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African Americans in the Monticola 1957-1964

1957 | 1958 | 1959 | 1960 | 1961 | 1962 | 1963 | 1964

     This exhibit consists of photos of African American students from the West Virginia University's yearbook, the Monticola 1957-1964. 1957 was the year African Americans noticeably appeared in the Monticola. Whenever possible, identification from the Monticola is included with the photos. Below is a brief history of desegregation and integration at WVU.

Desegregation at WVU

 

     The following accounts of racial tension and integration are excerpts from the book West Virginia University: Symbol of Unity in a Sectionalized State.

Brown et al. v. Board of Education

     Without hesitation, the Stewart administration accepted in 1954 the U.S. Supreme Court ruling on integration of the races in the nation's schools (207).

     Irvin Stewart was the 13th President of WVU from 1946-1958. The Brown decision was made on May 17, 1954.

     ...Stewart wrote on May 21 to the office of the Attorney General pointing out that WVU before the recent ruling had admitted only West Virginia Negroes to the graduate and professional programs not offered at West Virginia State or Bluefield State Colleges. He asked two pertinent questions: (1) Whether West Virginia University should now admit West Virginia Negroes to courses of study offered either at West Virginia State or at Bluefield? (2) Whether there was any obligation to admit out-of-state Negroes to any of the University programs?...

     In answer to Stewart's first question, the Attorney General on June 1, 1954, stated that WVU should admit any person who applied for admission, regardless of race, provided that such applicant fulfilled all of the requirements then prescribed for entry. He also was of the same opinion that no prospective out-of-state student could be refused entry because of his race so long as he met the requirements set forth for out-of-state students generally.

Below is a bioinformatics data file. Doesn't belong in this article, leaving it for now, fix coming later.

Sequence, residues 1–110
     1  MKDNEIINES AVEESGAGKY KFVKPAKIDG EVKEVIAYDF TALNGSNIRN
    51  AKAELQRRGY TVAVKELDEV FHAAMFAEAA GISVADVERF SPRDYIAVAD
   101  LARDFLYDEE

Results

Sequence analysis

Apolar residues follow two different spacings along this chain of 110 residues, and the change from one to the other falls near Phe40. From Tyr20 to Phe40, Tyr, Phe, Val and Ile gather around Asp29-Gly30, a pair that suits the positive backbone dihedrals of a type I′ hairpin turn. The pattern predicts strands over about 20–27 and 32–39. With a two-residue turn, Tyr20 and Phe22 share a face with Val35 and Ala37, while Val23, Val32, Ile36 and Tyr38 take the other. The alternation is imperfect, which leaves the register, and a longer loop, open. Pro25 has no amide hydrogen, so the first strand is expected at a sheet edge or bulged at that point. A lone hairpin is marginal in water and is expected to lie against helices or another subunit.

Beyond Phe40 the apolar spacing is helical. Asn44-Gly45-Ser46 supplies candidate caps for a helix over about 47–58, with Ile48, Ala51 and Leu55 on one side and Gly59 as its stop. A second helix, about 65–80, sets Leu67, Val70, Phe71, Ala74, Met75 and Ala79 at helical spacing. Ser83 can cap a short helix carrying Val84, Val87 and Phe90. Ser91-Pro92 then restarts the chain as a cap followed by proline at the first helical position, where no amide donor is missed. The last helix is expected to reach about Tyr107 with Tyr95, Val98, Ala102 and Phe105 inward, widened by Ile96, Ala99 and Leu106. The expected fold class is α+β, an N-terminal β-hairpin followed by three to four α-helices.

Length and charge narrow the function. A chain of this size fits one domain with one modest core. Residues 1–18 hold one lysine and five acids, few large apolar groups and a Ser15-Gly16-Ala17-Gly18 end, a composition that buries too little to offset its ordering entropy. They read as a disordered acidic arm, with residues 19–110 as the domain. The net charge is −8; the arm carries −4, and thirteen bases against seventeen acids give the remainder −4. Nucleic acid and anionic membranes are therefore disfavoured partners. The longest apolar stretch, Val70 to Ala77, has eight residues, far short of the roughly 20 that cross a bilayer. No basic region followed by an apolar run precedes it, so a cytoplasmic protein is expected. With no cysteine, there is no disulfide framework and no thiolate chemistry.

Stewart promptly informed the president of the Board of Governors that he was putting the ruling into immediate effect for the Summer Session. "It is probable," he said on June 2, " that we shall have one or more Negroes in our classes in the elementary school and in the University High School. If this is the case, these will probably be the first Negro children to attend public schools on a non-segregated basis in West Virginia." And without incident, West Virginia University, in contrast to its southern neighbors, was integrated as a result of Stewart's prompt, but unadvertised, action (212).

The Athenaeum and the Greeks: 1964

     Conspicuous in the traditional behavior of fraternities and sororities was a failure to pledge blacks or foreign, and the Daily Athenaeum on November 11, 1964, felt compelled to investigate this social phenomenon. It found that while no sorority had pledged a Negro in campus history, presidents of at least half of the University's eleven sororities would condone non-white membership "if the right girl were to come along." All fraternities seemed to feel that fellow members should be chosen on an individual basis, that the social issues should not be "forced," and that assigning members to a fraternity in behalf of "forced integration" would wreck the purposes of the organizations.

     Not only the WVU president but also the University Senate was disturbed by such discrimination and debated a resolution on February 9, 1965, that the University should withdraw recognition and support, either direct or indirect from any sorority, fraternity, or other student group or association which, through its constitution or bylaws or any other governing document, denied membership on the basis of race, color, religion, or ethnic origin. The Athenaeum sought Greek reaction to the Senate proposal. Eight sororities would not comment, indicating that information on the matter could be obtained from their national headquarters. Sixteen of the eighteen fraternity presidents stated that their national organizations already eliminated all discriminatory clauses from their constitutions (266-7).

The Confederate Flag and the Greek Challenge to Integrate